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Renting out farmhouse can turn into a nightmare

Legal Matters: Here are some of the problems landlords can run into if they are not careful.

Tim Halbach

August 12, 2021

4 Min Read
Farm and farm land
LEASING OUT A HOME: Besides screening tenants carefully, landlords also need to make sure they understand landlord-tenant laws.David Henderson/GETTY IMAGES

Leasing out a home on a farm can produce extra income, or it can turn into a nightmare. This column will examine some of the biggest problems landlords can run into if they are not careful and aware of the law.

Prior to a 2012 law change, if a tenant vacated a rental property, leaving his personal property behind, the landlord had to go to great lengths to try to return the property to the tenant and could only dispose of it after providing certain notice to the tenant.

With the 2012 law change, as long as the landlord provides written notification to the tenant that the landlord will not be storing the tenant’s personal property that he leaves behind ahead of time (such as putting the notice in the lease), then the landlord is under no obligation to store the tenant’s property. One exception, however, is that the landlord does have to hold on to prescription medication or prescription medical equipment for at least seven days.

21-day rule

All landlords need to understand that when a tenant leaves the property, the landlord has 21 days from that date to return the security deposit to the tenant, or if the landlord is retaining all or part of the security deposit, the landlord must provide a statement to the tenant describing why. A landlord can keep a security deposit for only the following items:

  • property damage

  • unpaid rent

  • unpaid utilities

However, if the landlord had provided the tenant with something known as Nonstandard Rental Provisions at the time the lease was entered into, and the tenant initialed such provisions, then the landlord may retain the security deposit for other items noted therein, such as late fees and bank fees for a bounced check.

If a landlord fails to follow this 21-day rule, the landlord is responsible to the tenant for double the amount of the security deposit and all of the tenant’s attorney fees.


When a tenant fails to pay rent or otherwise defaults under the lease, there are some very specific rules that the landlord must follow. In most instances, a landlord can give a five-day notice to the tenant to remedy the default or vacate. There are specific rules that require how this notice is to be given.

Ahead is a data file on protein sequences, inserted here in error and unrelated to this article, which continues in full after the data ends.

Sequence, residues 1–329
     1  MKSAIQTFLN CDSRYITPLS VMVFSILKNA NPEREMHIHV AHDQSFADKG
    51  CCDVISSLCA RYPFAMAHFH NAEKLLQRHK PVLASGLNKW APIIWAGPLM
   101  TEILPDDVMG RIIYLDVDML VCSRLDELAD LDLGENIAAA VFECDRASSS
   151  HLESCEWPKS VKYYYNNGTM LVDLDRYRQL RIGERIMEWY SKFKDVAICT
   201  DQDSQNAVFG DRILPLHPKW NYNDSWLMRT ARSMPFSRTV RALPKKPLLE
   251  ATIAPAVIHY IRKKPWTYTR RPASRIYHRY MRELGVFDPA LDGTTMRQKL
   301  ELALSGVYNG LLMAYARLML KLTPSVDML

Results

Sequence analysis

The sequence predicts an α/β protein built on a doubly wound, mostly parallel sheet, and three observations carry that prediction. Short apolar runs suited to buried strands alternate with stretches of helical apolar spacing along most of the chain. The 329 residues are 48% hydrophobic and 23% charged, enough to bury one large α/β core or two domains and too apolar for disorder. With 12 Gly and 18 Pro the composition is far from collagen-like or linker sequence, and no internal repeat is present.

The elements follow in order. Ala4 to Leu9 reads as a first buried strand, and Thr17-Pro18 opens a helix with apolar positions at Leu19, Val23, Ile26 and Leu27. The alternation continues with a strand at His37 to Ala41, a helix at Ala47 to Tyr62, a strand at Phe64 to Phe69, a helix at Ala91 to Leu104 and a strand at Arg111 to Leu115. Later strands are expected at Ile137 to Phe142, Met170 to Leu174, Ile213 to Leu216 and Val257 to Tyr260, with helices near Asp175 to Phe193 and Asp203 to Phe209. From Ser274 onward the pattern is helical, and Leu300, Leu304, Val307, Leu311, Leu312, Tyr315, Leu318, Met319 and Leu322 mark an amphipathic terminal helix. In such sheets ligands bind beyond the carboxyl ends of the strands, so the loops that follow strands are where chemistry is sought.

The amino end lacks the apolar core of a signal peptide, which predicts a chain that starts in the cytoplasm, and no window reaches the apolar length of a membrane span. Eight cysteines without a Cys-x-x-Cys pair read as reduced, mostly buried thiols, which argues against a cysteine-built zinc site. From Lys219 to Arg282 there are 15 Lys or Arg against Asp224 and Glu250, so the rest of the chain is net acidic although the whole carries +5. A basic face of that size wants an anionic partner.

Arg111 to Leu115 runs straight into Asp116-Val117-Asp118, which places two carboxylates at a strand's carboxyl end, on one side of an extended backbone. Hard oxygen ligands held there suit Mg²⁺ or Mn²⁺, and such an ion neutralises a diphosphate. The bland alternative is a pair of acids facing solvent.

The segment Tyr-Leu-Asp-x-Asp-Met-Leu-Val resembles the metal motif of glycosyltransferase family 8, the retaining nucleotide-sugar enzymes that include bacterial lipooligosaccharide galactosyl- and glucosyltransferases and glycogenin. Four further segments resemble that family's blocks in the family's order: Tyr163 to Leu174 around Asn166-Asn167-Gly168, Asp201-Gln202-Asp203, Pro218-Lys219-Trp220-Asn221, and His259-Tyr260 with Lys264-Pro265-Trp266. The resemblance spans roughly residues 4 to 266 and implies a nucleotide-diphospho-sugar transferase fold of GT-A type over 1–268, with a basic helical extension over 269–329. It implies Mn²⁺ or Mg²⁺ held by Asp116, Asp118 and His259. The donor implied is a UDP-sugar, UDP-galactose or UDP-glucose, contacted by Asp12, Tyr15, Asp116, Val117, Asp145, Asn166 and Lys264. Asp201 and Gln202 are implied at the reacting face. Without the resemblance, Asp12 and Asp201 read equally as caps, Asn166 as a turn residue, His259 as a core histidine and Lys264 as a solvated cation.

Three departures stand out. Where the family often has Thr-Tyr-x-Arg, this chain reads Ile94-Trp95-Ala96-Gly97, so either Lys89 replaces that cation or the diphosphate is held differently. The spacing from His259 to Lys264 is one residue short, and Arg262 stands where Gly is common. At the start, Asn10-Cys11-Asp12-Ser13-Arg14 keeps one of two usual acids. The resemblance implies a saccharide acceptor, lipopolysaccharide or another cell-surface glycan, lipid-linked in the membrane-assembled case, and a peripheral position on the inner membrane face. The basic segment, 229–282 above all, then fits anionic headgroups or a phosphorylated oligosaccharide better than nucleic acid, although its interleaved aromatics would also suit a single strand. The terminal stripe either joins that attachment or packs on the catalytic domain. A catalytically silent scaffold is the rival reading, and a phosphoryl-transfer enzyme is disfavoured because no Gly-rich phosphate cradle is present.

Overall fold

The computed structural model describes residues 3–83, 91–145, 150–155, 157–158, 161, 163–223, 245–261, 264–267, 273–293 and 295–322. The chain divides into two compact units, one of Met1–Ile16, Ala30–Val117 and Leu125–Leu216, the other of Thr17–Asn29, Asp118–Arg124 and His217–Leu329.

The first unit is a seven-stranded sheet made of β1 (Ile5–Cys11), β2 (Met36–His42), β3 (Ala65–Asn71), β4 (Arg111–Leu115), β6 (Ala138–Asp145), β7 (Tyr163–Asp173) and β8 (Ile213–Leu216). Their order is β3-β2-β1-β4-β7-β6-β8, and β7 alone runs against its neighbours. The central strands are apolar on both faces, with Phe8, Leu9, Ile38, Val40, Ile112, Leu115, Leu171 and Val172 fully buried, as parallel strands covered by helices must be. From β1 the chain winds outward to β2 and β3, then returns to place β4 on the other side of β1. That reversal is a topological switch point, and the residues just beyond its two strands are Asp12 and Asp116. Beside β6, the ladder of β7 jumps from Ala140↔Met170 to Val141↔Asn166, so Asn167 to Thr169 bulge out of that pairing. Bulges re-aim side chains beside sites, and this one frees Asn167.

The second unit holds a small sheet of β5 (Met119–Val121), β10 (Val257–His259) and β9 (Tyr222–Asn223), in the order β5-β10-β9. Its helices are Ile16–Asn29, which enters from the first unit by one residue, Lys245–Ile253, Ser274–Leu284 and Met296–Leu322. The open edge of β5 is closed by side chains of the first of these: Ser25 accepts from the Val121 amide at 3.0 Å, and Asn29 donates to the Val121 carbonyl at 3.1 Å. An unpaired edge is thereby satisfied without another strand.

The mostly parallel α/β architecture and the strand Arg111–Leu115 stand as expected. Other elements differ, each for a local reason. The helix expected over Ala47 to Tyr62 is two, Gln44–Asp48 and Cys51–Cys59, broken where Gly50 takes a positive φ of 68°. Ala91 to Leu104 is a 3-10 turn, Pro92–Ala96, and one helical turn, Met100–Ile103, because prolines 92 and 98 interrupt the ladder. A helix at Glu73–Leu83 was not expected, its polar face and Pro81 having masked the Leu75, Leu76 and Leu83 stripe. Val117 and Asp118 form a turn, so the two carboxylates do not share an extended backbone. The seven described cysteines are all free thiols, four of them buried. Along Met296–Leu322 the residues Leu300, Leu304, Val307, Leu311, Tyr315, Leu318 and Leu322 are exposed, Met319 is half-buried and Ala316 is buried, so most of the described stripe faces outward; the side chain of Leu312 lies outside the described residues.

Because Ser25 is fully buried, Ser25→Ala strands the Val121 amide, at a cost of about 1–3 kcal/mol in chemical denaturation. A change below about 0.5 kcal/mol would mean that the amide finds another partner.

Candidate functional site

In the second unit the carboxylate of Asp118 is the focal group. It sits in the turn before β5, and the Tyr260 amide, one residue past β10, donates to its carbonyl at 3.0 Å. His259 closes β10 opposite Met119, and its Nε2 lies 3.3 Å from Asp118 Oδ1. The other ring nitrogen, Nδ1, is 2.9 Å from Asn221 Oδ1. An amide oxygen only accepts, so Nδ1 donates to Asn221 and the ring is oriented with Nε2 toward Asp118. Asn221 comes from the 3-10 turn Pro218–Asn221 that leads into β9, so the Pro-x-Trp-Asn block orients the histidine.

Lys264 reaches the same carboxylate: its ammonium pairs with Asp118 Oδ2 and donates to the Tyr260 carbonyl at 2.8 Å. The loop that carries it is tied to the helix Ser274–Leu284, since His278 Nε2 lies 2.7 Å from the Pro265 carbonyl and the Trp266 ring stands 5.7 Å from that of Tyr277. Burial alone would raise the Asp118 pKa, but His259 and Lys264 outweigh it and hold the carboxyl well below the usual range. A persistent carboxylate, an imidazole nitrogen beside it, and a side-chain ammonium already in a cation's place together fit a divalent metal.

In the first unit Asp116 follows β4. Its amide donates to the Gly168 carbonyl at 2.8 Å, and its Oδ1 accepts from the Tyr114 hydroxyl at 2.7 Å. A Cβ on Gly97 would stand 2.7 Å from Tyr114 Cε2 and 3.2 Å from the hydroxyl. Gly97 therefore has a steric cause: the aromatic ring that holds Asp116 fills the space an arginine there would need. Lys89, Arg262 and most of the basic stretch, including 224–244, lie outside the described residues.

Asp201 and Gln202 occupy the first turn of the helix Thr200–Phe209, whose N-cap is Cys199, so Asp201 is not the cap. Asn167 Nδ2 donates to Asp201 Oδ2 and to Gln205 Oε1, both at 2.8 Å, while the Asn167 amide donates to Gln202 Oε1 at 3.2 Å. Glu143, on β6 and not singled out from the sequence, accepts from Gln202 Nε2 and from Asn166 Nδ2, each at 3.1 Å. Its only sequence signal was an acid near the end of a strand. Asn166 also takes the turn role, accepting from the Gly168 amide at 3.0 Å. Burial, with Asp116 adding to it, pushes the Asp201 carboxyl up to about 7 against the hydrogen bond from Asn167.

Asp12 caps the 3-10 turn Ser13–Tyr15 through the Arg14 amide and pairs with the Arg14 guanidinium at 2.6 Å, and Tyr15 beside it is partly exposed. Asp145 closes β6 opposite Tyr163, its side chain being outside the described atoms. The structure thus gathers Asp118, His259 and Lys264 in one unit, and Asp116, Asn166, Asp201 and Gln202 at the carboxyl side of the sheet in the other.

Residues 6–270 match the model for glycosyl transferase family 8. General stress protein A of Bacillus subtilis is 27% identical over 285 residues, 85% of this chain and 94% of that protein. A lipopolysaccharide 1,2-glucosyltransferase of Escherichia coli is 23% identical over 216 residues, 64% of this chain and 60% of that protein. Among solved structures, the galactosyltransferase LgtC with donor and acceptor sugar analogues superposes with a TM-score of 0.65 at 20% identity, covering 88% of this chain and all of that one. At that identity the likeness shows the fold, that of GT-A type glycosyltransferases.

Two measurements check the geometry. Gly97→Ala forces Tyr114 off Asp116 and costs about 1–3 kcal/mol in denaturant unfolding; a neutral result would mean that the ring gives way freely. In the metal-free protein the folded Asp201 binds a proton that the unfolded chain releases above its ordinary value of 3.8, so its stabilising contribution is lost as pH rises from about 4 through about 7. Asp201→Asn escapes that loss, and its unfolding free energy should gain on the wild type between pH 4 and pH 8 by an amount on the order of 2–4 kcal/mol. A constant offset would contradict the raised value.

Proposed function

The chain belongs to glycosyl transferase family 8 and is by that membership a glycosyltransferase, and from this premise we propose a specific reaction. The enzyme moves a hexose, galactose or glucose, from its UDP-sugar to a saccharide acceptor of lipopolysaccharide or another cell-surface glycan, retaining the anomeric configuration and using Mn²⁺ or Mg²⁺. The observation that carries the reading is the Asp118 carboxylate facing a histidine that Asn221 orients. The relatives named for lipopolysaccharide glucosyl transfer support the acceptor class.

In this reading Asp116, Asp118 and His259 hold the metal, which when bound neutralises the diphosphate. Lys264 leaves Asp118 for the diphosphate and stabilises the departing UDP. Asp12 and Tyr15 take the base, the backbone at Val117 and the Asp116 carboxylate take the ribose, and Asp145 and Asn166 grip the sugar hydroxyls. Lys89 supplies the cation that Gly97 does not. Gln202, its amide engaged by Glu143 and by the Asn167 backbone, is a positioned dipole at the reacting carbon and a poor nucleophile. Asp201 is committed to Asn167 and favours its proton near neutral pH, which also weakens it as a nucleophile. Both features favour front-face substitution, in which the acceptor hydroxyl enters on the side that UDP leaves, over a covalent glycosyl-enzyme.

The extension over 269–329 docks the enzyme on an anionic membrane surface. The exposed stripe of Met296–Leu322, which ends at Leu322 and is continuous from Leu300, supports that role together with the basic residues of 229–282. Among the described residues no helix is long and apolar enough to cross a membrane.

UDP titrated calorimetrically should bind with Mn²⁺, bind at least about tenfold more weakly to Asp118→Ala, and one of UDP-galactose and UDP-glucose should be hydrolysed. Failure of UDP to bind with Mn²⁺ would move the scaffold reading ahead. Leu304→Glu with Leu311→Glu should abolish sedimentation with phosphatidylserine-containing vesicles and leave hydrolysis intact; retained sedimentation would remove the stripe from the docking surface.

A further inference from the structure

If the tenant has remedied the default (i.e., paid the unpaid rent), he can stay, and the lease continues. If the tenant has not remedied the default and remains on the property after the expiration of the five days, then the landlord must file an eviction action (i.e., a small-claims lawsuit) to obtain a court order from a judge to have the tenant evicted.

If the landlord is successful in court, the judge will usually set a final deadline for the tenant to move out, and if the tenant still has not moved out, the landlord can take the court order to the sheriff’s department and work with the sheriff’s department to have the tenant removed from the property.

Other types of notices also can be given to a tenant, such as a 14-day or 28-day notice, depending on the situation, but they all require a small-claims eviction action if the tenant remains on the property after the notice period expires.


Wisconsin law requires the landlord to give the tenant a check-in sheet at the time the tenant moves in so the tenant can make comments, if any, about the condition of the property at the time he moves in. The tenant has seven days to complete it and return it to the landlord.

If the house was built prior to 1978, the landlord is required to give the tenant a lead paint disclosure, reminding tenants that, for example, if small children eat paint chips that contain lead paint, it can lead to very severe health conditions.


Some of the horror stories I have heard from landlords regarding how tenants have treated the property make me wonder why anyone would ever want to be a landlord. (A recent one was using the basement of the house as the place to put garbage even though this farmhouse had garbage pickup once a week.)

Besides screening tenants carefully, landlords also need to make sure they understand landlord-tenant laws, as this column has only listed some of the pitfalls a landlord can fall into.

Tim Halbach

Halbach is a partner in the agricultural law firm of Twohig, Rietbrock, Schneider and Halbach. Call him at 920-849-4999.

About the Author(s)

Tim Halbach

Tim Halbach is a partner in Menn Law Firm, which merged with the agricultural law firm of Twohig, Rietbrock, Schneider and Halbach. Halbach practices in the Menn Law Firm’s farm and agribusiness practice group. Call him at 920-849-4999.

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